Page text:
Amber, left, and Amethyst McMillian

- Courtesy photo
Suwannee Democrat

While Amethyst McMillian stood before the wreckage of her apartment, ravaged by a magnitude 9.0 earthquake that triggered one of the most devastating tsunami’s in Japan’s history, her twin sister Amber was aboard the USS Ronald Reagan just a few miles off shore, on her way to bring aid.

It’s been three years since the twins and Naval officers have seen each other.

“They grew up hearing my stories from when I served in the army,” said their dad Alonzo Philmore of Live Oak.

Although the twins had scholarships to Florida A&M University, they decided to follow in their dad’s footsteps after graduating Suwannee High School in 2007.

“They said, ‘We don’t want to just go to Tallahassee and come home on the weekends. We want to see the world. We want to travel,” he said.

Philmore was proud of their decision to serve in the military. He never anticipated that decision would lead them both to being involved in one of the most terrifying disasters in history together. However, he said it was not terribly ironic, since they have always done everything together.

“I knew they would be alright, but Mom,” he said, “now she was worried.”

A few hours after Philmore saw the first news reports that a tsunami had wreaked havoc on northern Japan, where Amethyst was stationed, he got a call.

“Amethyst called right away from the ship. She was at work when the earthquake and tsunami hit, so she was safe,” he said. “Her apartment was not totally destroyed, but it was torn up.”

But the earthquake did not shake Amethyst’s spirits.

“Amethyst told us it was a frightening experience, but she was calm. She was just concerned for the people and wanted to help,” he said. “She told us everything around her was just piled up, and there were cars on top of buildings. It was the tsunami, not the earthquake, that did the real damage.”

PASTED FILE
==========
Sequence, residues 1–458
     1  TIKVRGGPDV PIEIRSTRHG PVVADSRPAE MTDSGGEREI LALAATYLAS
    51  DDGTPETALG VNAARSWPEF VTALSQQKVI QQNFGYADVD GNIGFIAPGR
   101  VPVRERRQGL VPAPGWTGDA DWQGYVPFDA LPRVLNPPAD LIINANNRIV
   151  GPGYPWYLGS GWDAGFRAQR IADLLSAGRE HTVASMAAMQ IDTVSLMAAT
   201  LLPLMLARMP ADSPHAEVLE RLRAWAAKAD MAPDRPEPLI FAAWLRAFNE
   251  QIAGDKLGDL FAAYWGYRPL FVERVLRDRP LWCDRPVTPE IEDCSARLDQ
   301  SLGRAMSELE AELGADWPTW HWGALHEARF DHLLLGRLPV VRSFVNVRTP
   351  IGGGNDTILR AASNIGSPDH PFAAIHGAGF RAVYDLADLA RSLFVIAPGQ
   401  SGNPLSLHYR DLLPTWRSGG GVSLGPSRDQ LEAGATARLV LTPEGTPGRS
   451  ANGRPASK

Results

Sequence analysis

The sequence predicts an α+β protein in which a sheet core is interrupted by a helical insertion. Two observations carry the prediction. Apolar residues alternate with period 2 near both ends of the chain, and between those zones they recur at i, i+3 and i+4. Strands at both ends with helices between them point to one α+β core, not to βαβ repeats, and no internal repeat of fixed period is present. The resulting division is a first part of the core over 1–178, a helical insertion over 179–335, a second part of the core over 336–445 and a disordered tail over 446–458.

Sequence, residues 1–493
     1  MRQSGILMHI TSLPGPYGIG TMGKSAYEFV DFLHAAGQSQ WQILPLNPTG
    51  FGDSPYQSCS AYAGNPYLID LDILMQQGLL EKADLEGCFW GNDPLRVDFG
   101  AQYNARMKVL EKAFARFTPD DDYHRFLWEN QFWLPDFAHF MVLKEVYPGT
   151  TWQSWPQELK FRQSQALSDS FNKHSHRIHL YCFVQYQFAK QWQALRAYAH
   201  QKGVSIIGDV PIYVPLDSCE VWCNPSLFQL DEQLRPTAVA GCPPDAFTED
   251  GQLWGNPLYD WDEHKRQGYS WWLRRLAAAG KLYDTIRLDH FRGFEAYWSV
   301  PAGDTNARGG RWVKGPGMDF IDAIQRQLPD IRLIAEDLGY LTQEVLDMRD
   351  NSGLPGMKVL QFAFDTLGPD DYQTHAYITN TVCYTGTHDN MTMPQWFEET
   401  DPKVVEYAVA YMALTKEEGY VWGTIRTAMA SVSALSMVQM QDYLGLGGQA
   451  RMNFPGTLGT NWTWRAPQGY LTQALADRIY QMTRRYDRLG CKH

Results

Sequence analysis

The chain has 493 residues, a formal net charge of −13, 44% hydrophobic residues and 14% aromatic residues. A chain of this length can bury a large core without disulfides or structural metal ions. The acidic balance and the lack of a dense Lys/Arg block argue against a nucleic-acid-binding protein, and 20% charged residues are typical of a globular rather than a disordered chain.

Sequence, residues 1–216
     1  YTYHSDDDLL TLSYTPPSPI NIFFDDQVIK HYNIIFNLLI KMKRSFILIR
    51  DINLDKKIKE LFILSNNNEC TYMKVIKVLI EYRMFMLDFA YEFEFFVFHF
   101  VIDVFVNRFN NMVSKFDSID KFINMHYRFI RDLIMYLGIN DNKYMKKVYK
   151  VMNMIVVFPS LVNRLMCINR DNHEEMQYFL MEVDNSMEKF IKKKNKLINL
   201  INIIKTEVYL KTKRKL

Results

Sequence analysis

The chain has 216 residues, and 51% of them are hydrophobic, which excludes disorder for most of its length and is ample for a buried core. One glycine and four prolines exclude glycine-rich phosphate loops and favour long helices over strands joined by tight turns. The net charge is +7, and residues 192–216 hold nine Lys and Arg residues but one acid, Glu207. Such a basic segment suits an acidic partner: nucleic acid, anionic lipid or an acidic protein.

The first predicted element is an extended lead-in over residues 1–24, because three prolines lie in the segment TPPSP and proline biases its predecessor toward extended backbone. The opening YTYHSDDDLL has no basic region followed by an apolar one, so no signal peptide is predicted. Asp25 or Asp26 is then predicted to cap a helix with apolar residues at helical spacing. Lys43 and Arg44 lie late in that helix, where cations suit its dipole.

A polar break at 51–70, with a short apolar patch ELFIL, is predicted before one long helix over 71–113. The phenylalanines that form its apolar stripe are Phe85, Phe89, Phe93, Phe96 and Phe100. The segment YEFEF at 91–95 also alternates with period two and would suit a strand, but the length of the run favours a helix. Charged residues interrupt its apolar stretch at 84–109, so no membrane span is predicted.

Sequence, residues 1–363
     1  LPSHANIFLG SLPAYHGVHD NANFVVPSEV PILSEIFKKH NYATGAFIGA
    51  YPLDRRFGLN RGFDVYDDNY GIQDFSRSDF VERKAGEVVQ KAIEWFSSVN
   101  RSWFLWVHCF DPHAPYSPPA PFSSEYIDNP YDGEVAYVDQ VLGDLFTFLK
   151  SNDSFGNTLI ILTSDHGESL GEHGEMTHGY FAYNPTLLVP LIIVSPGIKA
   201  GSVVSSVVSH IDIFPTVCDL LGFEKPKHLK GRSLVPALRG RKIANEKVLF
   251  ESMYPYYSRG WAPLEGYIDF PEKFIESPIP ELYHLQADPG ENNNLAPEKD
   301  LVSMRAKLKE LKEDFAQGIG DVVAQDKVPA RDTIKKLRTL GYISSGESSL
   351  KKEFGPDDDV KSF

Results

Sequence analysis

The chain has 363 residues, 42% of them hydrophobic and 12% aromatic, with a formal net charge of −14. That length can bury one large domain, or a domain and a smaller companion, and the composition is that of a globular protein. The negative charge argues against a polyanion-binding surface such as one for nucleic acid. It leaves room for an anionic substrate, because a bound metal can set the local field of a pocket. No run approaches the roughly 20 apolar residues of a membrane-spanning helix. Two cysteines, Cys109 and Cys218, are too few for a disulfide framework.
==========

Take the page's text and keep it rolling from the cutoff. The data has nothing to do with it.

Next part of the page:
When Amethyst returned to her apartment, she gathered everything she could salvage and gave it away to her neighbors, many of them now homeless.

“She just felt so sorry for the people. So many had lost their homes, business people couldn’t work, or had lost their businesses, and transportation was shut down everywhere,” Philmore said.

He said if the same tsunami had occurred at night, Amethyst would have been home when her apartment was torn apart. From now on, she will live aboard the carrier she is stationed on, the USS George Washington, instead of residing on shore, he said.

Amethyst’s twin Amber, both 22, is currently aboard the carrier USS Ronald Reagan, which was dispatched to Japan immediately after the event to give aid and health support to the people of Japan. However, the US Navy moved the carrier away from the Japanese coast on concerns radioactive material was blowing in its direction. The ship is reportedly on hold several miles out to sea until government officials can assess the situation to be sure it is safe for military personnel on the coast.

“Amber is doing fine, she’s just very bored. They’re just out there sailing around and around, biding time. She is discouraged since they were sent to help, and now they can’t get in there,” Philmore said.

The USS George Washington was also ordered to pull out of base after concerns arose that radiation levels were too high.

Philmore currently has little contact with the twins and has not spoken to Amethyst in nine days. At press, it was unclear whether the George Washington and Reagan have moved back toward the Japanese coast.

Last Philmore heard, Amethyst was not thrilled to be leaving the Japanese people, and Japanese food.

“She called from the ship before they pulled out and said, ‘I’m fine, but I want to go back down and get something to eat before we ship out,’” he laughed. “She’s in good spirits.”

Philmore said his twin daughters have always done everything together. Although the situation is precarious and they both have jobs to do, he hopes Amber and Amethyst have the chance to see each other soon.

“At one point last year, their ships were only a mile apart, but, of course they couldn’t see each other,” he said. “That’s the closest they’ve been in three years.”

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